- COMPRESSION: Apply an elastic compression bandage to the injured area.
- ELEVATION: Raise the injured area above the heart.
- DIAGNOSIS: Acute injuries should be evaluated by a health-care professional.
And in the first few days after injury, help them to avoid HARM too.
- HEAT: Any kind of heat will speed up the circulation, resulting in more swelling and a longer recovery.
- ALCOHOL: Alcohol can increase swelling, causing a longer recovery.
- RUNNING OR OTHER EXCESSIVE EXERCISE: Exercising too early can cause further damage to the injured part. Exercise also increases the blood-flow, resulting in more swelling.
- MASSAGE: Massage increases swelling and bleeding into the tissue, prolonging recovery time.
And what about managing injury more long-term?
Drawing on some of the most recent research findings about injury, such as the periodisation work at ArtEZ, the growing body of research-informed practice around screening dancers and the importance of safe dance practice, we should be seeking ways to embed these examples of best practice in our work to minimise the likelihood of injury first and foremost. But in managing injury more long-term, we should aim to reduce swelling, restore proprioception (awareness of where the body is in space without relying on the visual system), maintain cardiovascular health and ensure a healthy, balanced and varied diet to facilitate healing. IADMS have a very accessible resource paper full of practical ideas about First Aid for Dancers here.
In the UK the establishment of the National Institute of Dance Medicine and Science means that through shared expertise and a network of multidisciplinary partners, better and more affordable, high quality, evidence-based, dance specific health care and dance science support services are being offered to dancers across the sector. Please check out their website.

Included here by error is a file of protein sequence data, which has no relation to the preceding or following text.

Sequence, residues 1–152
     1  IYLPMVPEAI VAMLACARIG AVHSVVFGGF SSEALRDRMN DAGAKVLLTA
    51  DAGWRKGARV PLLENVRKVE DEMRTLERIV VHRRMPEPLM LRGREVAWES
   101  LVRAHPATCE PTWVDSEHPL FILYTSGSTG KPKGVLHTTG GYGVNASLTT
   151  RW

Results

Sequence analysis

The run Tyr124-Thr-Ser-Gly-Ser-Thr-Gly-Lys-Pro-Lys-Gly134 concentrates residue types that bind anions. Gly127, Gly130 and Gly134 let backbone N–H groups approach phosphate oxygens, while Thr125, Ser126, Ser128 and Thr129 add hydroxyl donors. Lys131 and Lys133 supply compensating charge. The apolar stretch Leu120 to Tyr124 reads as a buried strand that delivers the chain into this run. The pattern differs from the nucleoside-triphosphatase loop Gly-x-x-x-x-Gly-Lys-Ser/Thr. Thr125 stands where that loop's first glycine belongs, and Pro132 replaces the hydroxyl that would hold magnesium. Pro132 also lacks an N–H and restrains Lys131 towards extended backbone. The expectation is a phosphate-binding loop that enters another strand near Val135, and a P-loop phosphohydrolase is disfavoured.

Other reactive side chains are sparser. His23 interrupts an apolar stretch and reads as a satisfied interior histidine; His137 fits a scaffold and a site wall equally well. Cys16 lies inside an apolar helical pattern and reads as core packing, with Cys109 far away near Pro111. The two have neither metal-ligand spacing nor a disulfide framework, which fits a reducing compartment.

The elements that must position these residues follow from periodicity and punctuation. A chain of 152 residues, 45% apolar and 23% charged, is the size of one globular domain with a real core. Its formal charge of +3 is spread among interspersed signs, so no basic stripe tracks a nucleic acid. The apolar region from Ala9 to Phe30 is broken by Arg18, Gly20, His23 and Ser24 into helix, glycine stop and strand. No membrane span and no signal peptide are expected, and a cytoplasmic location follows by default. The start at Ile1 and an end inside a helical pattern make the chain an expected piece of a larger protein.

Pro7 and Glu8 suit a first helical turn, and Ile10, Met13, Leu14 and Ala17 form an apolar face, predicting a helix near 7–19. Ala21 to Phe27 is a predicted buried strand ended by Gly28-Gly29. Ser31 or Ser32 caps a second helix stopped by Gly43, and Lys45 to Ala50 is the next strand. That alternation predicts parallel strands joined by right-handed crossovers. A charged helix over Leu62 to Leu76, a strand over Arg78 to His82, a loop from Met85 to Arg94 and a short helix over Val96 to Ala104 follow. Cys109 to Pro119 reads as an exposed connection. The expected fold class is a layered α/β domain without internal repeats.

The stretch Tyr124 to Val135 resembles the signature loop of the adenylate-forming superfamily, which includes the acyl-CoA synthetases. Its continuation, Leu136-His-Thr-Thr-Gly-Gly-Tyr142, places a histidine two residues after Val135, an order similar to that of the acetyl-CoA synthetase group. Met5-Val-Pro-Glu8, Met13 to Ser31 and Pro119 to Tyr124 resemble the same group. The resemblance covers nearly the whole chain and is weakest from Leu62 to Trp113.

In the USA the Harkness Center for Dance Injury is dedicated to providing the dance community with the highest quality injury care and preventative resources. Harkness offers many subsidized and free services including orthopaedic and sports medicine clinics, physical therapy and athletic training services, and injury prevention lectures and workshops. Please check out their website.
If there are other support services in your locality not listed here, please do add them in the comments box below.
For information about dance injury and treatment have a look at the following recommendations:
Laws, Helen. Fit to Dance 2-Report of the second national inquiry into dancers’ health and injury in the UK, 2005.
Solomon, Ruth L., John Solomon, and Sandra Cerny Minton, eds. Preventing dance injuries. Elsevier, 2005.
For more information about optimising dancers’ fitness have a look at these texts too:
Welsh, Tom. Conditioning for dancers. University Press of Florida, 2009.
Krasnow, Donna and Jordana Deveau. Conditioning with imagery for dancers. Thompson Educational Publishing, 2010. Additionally there are some useful introductory videos on Krasnow and Deveau’s approach here.
Don’t forget to watch out for our forthcoming posts continuing this series about preventing dance injury.
Elsa Urmston MSc PGCAP AFHEA is the DanceEast Centre for Advanced Training Manager, Ipswich, UK and a member of the IADMS Education Committee.